General History XI: 1789–1871
This period of General History is usually taught as a Europe-centred paper, and deals with such issues as rapid but uneven industrialization, the growth of large cities, the shift from a society of orders to one of classes, concerted state-building and the emergence of fundamental ideologies of liberalism, democracy, socialism and nationalism, secularization and religious revival, the first manifestations of feminism, together with the Romantic movement in art and literature. The destructive and constructive force of the French Revolution was transported across Europe through the Napoleonic Empire, an increasingly bureaucratic state system. Through the Congress system European powers sought to control the revolutionary nationalism generated by France, while governing élites struggled to find a balance between order and liberty. The liberal, democratic, socialist and nationalist forces which challenged the established order came to a head in the revolutions of 1830 and 1848‑9. The struggle for nation-building was characterized by a decade of war involving Italy, Austria, France and Germany, a period of political reaction coupled with intense modernization and continuing radical unrest. These processes culminated in the unifications of Italy and Germany, the collapse of the second empire and attempts at extensive reform in Russia. The period ends in 1871, with the Franco-Prussian War and the Paris Commune.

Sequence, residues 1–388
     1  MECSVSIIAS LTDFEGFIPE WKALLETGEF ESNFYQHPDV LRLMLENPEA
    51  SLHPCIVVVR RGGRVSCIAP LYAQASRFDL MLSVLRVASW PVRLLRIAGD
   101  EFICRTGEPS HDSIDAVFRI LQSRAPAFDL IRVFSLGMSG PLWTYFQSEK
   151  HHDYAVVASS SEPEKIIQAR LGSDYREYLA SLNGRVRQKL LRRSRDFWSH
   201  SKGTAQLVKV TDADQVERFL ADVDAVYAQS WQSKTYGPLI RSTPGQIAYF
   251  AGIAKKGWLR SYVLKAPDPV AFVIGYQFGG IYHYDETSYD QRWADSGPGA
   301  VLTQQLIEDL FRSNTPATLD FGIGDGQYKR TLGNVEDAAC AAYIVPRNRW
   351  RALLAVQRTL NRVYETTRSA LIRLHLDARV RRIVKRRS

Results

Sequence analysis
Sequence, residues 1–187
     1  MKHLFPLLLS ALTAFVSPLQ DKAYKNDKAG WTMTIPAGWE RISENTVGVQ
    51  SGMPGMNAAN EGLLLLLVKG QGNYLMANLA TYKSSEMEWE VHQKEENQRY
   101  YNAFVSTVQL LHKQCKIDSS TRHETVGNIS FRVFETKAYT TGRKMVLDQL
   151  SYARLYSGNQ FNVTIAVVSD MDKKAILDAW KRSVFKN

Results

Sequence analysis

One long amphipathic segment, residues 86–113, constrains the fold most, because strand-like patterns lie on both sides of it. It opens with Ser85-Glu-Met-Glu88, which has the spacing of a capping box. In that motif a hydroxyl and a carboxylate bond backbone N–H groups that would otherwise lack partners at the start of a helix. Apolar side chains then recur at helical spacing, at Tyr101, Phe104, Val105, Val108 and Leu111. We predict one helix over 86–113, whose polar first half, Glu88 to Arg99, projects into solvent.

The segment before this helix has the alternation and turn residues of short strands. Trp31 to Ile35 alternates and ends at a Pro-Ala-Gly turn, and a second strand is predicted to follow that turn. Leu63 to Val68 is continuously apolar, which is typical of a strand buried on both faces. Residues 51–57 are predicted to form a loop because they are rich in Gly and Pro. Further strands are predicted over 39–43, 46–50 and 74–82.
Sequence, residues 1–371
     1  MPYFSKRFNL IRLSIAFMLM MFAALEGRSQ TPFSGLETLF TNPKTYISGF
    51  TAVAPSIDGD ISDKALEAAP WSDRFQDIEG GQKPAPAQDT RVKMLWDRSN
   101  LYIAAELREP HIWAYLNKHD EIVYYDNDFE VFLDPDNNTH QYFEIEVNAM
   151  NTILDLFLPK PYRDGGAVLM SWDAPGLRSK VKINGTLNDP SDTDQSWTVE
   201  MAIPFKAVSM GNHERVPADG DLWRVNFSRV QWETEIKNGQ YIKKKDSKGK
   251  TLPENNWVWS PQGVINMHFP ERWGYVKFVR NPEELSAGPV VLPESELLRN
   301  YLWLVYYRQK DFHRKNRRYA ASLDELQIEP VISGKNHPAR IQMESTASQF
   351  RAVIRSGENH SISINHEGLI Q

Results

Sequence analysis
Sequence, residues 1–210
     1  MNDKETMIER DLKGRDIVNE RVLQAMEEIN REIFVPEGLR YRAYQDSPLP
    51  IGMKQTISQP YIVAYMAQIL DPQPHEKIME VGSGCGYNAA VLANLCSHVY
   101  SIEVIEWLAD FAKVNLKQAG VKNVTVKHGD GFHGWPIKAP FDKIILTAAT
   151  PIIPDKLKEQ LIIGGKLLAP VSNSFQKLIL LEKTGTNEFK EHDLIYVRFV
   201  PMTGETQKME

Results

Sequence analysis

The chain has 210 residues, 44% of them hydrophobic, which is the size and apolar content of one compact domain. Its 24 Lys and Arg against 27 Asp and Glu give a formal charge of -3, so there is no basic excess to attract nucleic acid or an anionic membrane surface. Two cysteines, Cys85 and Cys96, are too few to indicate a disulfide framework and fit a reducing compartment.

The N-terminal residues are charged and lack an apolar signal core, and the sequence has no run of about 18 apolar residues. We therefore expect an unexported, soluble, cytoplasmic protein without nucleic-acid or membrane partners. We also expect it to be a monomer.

The paper is usually studied partly comparatively, partly on a country by country basis, looking at such issues as Italian nationalism, the debates over German integration, the failure of the monarchy to re-establish itself in France and the experience of autocracy in Russia. Outside Europe, it is possible to study the United States (slavery, the Frontier, Jacksonian democracy and the American Civil War), British rule in India and the Indian Mutiny, the Latin American revolutions, the Greek and Egyptian revolts against the Ottoman Empire, and the impact of the west on China and Japan, leading to such phenomena as the Taiping rebellion and the Meiji restoration. Altogether the paper deals with a crucial period which witnessed the painful emergence of modern Europe and a decisive phase in the relations between Europe and the wider world.